Supplemental Paylean® in Late Finishing Pigs

By Michael Edmonds, Ph.D., Vice President, Swine and Poultry Nutrition

Many research trials have been conducted over the years at the Kent Nutrition Group Product Development Center in which performance, carcass, and economics were all improved with supplemental Paylean. This article contains additional research conducted in 2013 in which Paylean was fed during the last 28 days of finishing via a “step-up” program at 4.5 grams per ton (Days 0-14) followed by 9.0 grams per ton (Days 14-28).

There were 558 terminal-cross finishing pigs involving 79 pens for each treatment. With an average starting weight of 214 pounds, the pigs were randomly allotted on the basis of weight and sex. The pigs were fed diets formulated with vitamin and trace minerals (VTM’s), limestone, monocalcium phosphate, salt, distillers dried grains, soybean meal, corn and synthetic amino acids with the average cost of around $240/ton. The Paylean cost was approximately $36.75 per pound for Paylean 9. On average, the diets contained 17.2% crude protein and 1.02% lysine. The results are shown in Table 1 below:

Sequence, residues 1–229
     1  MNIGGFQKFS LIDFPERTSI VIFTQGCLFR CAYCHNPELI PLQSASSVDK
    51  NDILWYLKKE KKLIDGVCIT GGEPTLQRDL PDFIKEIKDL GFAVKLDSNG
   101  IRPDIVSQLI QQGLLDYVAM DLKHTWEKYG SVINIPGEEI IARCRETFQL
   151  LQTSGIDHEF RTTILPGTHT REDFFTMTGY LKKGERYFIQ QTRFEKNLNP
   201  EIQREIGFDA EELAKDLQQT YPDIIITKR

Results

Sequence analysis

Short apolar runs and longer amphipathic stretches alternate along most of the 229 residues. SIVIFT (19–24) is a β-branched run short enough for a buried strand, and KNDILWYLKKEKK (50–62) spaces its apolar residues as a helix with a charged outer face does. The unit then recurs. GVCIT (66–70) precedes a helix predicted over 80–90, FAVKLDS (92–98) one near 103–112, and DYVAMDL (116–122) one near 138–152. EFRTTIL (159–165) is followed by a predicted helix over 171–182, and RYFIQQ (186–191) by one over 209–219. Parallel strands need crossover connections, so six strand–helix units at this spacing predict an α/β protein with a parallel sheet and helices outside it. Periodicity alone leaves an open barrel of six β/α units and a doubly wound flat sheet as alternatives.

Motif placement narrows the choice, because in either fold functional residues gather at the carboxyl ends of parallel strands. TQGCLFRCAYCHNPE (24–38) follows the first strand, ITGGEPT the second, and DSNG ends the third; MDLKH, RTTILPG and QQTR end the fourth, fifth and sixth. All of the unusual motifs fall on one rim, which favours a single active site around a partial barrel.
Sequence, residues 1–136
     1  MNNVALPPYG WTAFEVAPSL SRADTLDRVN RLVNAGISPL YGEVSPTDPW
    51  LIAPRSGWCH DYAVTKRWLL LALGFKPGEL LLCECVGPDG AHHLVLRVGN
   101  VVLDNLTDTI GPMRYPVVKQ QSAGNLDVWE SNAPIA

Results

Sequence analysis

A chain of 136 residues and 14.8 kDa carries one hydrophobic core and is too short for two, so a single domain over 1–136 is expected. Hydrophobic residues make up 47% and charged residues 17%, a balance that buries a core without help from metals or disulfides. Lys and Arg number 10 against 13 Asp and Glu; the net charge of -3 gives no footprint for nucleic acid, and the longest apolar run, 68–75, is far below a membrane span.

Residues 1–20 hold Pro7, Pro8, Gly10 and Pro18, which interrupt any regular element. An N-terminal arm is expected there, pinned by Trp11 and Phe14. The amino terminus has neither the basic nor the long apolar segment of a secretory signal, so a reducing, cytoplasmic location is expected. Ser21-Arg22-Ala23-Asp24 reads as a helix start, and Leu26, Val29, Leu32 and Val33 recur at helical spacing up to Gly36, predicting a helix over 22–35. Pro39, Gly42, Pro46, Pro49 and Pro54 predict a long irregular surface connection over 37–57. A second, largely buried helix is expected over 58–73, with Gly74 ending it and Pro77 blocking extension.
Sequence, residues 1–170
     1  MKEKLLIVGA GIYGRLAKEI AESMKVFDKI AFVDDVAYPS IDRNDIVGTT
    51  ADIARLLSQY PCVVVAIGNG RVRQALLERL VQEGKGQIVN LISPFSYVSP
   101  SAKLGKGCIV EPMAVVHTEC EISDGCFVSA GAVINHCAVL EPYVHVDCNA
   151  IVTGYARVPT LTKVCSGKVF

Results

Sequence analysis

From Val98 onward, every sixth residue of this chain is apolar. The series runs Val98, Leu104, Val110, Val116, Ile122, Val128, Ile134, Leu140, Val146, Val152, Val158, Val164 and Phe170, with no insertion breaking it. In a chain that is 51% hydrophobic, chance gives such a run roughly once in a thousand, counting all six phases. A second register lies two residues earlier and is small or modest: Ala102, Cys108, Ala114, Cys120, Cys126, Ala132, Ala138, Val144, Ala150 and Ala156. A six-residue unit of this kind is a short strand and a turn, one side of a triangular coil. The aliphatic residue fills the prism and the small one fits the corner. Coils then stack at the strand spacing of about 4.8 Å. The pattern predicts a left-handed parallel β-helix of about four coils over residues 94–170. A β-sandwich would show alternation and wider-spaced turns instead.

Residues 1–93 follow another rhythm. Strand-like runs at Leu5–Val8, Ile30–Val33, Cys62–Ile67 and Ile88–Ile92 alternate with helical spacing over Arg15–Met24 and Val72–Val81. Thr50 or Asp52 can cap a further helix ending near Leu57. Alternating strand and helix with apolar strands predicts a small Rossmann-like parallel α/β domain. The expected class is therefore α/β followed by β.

Effect of Paylean in Late Finishing Pigs

Late finishing pigs fed Paylean had significant improvements in gain (13.9%) and feed efficiency (-12.8%) as well as a lower cost of gain due to the marked improvement in feed efficiency. The pigs on Paylean also weighed 7.8 pounds heavier at market and had a significant improvement in dressing percent, which further increased the carcass weight advantage to 8.2 pounds. Using a meat price of 86₵ per pound for the carcass weights shown, resulted in an advantage in carcass value of $7.05 per pig with Paylean. Furthermore, we observed a marked improvement in grade premiums with Paylean, which added more value. In contrast, the added cost per head was $2.10 more per pig with Paylean. Subtracting total carcass value from the cost of gain per head resulted in a final net return advantage of $6.87 per head for those pigs fed Paylean.

Three of 558 pigs died on the Control diets, and one pig died of 558 pigs on the treatment with Paylean. There were also two lame pigs out of 558 pigs on the Paylean treatment. So with the genetics used and proper pig handling, we did not experience any significant problems with the use of Paylean and in return made $6.87 more per pig by feeding diets with Paylean via a “step-up” program.